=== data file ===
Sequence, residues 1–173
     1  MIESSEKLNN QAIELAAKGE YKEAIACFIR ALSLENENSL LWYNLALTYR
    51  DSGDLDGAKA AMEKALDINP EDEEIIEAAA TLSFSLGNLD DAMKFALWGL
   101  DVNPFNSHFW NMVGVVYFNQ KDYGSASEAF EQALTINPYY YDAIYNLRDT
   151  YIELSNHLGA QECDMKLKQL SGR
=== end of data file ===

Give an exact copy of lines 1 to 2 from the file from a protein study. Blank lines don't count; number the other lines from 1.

Sequence, residues 1–173
     1  MIESSEKLNN QAIELAAKGE YKEAIACFIR ALSLENENSL LWYNLALTYR